Markets Boomed. What about the Middle Class?

Courtesy of Market Watch.

Written by Aldo Gonzalez

However, only 52 percent of American adults have a stake in the stock market. This is the lowest market participation the United States has seen since Gallup began collecting data on this matter.

Markets reached new heights in 2017, but how much of that market progress benefited the middle class? If you listen to President Trump, the stock market is an accurate barometer of the general economy. But income measures from capital gains tell a clearer story.

According to Deutsche Bank Securities, the top one percent earns 22 percent of total income in the United States with most of that coming from capital gains; the top 10 percent owns nearly 90 percent of stocks, directly or indirectly, as shown by 2016 data from Deutsche Bank as well. Furthermore, NYU Professor Edward Wolff shows that the top one percent in terms of wealth own 38 percent of stocks.

However, only 52 percent of American adults have a stake in the stock market. This is the lowest market participation the United States has seen since Gallup began collecting data on this matter. This measure takes into account individuals who indirectly own stocks via employee-sponsored retirement plans. However, access to these investment vehicles is limited to those with higher income. To contrast, Pew Research found that only about 19 percent of American adults can claim direct ownership of stocks.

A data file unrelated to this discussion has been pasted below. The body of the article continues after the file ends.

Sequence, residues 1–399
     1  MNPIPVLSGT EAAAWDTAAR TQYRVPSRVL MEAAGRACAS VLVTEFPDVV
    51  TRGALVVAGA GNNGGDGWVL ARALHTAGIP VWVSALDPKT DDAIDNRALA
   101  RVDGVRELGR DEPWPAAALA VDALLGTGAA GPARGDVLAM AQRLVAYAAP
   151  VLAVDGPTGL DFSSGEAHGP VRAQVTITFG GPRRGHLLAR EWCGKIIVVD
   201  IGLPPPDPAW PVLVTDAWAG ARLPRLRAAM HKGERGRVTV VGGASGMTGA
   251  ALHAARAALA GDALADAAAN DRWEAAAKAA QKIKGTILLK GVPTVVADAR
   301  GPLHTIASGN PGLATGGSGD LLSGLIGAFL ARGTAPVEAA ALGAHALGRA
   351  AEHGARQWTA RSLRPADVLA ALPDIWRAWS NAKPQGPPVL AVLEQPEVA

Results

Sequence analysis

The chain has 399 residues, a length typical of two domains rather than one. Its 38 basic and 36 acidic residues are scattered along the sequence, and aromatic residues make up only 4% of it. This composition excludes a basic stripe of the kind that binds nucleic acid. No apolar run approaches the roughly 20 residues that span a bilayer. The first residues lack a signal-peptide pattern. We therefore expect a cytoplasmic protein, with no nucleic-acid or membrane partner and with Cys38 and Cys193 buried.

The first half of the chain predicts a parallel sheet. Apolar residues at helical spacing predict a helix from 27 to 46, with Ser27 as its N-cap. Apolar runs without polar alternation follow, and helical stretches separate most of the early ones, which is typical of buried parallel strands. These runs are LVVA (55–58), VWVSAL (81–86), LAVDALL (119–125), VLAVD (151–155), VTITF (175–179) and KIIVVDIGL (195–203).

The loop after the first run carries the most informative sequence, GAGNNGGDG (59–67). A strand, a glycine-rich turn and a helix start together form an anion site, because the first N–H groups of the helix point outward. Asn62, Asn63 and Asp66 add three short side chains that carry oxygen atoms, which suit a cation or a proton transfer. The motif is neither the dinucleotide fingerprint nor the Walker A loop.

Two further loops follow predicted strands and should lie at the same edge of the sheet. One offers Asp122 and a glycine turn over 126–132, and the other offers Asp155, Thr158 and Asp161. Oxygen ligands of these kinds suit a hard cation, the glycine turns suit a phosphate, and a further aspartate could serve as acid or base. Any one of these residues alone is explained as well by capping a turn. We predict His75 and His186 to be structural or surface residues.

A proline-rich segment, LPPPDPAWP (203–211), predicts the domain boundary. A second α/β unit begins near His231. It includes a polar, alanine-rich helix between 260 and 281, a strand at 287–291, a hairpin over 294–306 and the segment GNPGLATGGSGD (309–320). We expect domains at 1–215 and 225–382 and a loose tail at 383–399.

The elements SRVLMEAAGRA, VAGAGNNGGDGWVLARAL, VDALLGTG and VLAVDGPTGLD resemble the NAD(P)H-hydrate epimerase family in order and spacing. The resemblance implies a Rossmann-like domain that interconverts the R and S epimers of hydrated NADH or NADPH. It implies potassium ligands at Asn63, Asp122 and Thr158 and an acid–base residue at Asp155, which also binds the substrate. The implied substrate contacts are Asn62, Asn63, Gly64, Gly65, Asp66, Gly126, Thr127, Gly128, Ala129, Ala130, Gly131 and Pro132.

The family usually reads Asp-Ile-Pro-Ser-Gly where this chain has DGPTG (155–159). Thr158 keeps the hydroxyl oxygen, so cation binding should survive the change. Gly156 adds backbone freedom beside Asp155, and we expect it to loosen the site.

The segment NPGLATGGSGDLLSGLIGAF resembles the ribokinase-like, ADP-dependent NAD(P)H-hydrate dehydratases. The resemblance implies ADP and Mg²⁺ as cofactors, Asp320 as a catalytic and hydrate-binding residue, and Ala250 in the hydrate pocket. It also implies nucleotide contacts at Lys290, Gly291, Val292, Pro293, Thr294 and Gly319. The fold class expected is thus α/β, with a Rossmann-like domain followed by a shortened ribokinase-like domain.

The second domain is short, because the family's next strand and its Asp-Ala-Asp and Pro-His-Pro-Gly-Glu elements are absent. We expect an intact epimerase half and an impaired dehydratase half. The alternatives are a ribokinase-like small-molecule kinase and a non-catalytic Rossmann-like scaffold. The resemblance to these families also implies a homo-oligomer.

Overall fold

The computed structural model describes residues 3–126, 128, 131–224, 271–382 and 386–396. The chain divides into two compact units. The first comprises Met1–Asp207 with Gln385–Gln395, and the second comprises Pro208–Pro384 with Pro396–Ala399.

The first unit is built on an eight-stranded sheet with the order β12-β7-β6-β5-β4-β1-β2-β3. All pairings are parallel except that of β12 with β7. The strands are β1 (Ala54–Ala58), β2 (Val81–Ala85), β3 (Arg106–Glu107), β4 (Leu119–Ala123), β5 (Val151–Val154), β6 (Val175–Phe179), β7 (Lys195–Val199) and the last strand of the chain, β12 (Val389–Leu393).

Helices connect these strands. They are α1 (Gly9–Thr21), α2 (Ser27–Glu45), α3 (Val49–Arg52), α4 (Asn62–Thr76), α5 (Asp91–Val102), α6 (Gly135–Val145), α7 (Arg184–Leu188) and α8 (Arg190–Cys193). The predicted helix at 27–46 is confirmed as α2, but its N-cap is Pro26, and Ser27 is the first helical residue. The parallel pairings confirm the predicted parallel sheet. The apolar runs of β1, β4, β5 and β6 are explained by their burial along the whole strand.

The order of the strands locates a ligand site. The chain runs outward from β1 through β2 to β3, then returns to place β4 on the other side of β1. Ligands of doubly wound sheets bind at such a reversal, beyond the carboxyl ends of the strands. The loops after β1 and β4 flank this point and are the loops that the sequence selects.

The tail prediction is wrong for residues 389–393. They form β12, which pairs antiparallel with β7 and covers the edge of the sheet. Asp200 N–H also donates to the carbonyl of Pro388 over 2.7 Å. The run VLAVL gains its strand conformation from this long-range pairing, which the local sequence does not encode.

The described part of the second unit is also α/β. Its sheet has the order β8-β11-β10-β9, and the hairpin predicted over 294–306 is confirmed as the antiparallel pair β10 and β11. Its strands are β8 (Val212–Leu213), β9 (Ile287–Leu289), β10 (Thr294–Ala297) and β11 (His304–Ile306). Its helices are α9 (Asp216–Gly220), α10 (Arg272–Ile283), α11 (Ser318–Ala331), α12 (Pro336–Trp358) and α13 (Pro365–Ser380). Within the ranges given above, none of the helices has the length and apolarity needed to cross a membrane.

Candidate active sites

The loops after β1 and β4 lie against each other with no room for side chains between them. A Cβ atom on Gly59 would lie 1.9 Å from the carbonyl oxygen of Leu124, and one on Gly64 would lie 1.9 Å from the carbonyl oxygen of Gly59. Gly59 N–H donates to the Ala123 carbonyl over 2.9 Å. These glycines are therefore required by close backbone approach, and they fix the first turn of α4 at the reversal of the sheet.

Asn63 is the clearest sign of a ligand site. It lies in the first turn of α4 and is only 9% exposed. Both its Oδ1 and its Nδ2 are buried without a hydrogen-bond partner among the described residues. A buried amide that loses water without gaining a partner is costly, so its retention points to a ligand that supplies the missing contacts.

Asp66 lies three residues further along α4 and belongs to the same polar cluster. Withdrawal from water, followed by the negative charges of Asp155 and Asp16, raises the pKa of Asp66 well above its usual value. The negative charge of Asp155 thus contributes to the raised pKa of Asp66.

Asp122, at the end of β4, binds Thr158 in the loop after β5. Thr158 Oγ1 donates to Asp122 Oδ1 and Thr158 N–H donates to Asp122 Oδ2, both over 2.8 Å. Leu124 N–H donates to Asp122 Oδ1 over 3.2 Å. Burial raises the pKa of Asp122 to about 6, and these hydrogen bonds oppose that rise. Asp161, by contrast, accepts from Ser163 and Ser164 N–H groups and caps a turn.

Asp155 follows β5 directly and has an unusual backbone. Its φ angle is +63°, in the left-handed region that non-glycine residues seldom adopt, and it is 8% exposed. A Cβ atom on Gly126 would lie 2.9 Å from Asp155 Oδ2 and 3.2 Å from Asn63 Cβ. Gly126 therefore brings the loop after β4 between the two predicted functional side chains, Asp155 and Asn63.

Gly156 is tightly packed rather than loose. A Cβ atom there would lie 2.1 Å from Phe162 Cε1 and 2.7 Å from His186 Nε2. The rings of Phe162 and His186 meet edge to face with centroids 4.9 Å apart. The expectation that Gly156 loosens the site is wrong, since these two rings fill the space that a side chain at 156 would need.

With this picture in mind, the stock market seems to be a supermarket for the well-off, rather than a barometer of wider economic health. American economist and Washington Bureau Chief for MarketWatch, Rex Nutting asserts exactly this: “The stock market is actually a process for extracting wealth from corporations and passing it along to the wealthy people who own shares… but for those trying to build wealth, it’s not such great news.”

When it comes to gauging economic health and designing policies that increase growth, favoring policies that improve access to different asset classes, increase financial literacy, and encourage youth investment in the markets are steps for creating a more regenerative and inclusive stock market that reflects the wider economy.

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